Trustees of revocable only owe fiduciary duties to the settlor. Beneficiaries have no rights.
Under the UTC, revocable trusts can be amended at any time by any method that manifests clear and convincing evidence of his intent to do so. UTC § 602(c).
Trusts, while often just used in place of a will, can also be used to maintain control of one's property after death. This can allow it to provide for disabled persons or minors, to ensure that it is is slowly, to go to those in the lowest tax brackets, or to ensure to goes to someone else after the first beneficiary's death.
The settlor does not have to understand trust law or even know the term "trust". He just has to manifest intent to create the fiduciary relationship that a trust comprises. E.g., transferring property "for the use and benefit" of another creates a trust.
Ascertainable beneficiaries are not needed for trusts made for charitable purposes. All states also allow pet trusts for pet animals and statutory-purpose trusts for certain other non charitable purposes, like grave maintenance. UTC § 408 & UTC § 409.
A resulting trust is an equitable reversionary interest that arises by operation of law in two cases:
An express trust fails or makes an incomplete disposition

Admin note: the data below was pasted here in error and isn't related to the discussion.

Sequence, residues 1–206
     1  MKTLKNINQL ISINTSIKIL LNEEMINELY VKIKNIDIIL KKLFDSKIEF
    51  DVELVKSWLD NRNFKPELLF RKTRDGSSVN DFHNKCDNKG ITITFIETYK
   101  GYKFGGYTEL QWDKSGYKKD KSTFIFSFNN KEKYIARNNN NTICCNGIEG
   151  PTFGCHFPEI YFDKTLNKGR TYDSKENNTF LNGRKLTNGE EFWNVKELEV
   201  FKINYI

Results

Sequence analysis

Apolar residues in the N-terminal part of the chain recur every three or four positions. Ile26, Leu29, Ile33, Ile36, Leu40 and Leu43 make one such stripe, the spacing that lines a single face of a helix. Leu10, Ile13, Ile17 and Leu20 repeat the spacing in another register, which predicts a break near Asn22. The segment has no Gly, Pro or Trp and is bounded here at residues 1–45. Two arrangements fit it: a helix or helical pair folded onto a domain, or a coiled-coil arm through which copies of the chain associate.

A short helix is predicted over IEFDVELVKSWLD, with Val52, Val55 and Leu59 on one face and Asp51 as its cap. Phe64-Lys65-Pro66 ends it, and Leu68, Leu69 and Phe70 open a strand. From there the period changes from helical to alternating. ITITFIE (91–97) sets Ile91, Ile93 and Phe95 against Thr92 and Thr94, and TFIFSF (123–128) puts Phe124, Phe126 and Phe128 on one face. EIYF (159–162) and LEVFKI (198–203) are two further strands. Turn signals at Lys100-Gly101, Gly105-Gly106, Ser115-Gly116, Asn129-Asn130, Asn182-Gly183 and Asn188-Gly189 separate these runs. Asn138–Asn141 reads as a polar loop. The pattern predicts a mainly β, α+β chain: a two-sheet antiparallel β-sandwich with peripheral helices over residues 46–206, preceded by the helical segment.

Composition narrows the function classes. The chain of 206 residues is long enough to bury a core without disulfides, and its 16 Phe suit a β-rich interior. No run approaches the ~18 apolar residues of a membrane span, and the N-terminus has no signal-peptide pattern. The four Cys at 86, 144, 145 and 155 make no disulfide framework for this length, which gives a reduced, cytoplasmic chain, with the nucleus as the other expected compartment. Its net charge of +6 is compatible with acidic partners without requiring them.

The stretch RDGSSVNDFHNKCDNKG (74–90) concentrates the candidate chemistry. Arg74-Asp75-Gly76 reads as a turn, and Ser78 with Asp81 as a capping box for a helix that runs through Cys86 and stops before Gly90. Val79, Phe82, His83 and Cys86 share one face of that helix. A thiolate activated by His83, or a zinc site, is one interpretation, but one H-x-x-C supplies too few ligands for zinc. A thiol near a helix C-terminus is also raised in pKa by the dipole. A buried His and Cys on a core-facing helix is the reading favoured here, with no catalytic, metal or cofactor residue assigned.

O gives X property in trust to pay the income to A for life, then to A's descendants. A dies without descendants. X becomes trustee of the property for O then. The remainder interest of the trust just results back.
O gives $10,000 in trust to pay $4,000 to A over 5 years. $6,000 reverts to being in trust for O.
One person pays the purchase price for property and causes title to be taken in the name of another who is not a natural object of his bounty
If A buys a farm but puts it in B's name, B becomes a trustee for A.
If A gives B money to buy a farm, B becomes a trustee for A.
If A gives B money to buy a farm or buys him a farm himself but says that the money/farm is a gift, A just owns the farm.
Secret trusts are where the will makes an absolute bequest, without manifested intent to create a trust, but where the beneficiary promised to use the property in a certain way. This promise is then enforceable (creating a constructive trust) to prevent unjust enrichment, and extrinsic evidence is allowed to establish the proof of the promise.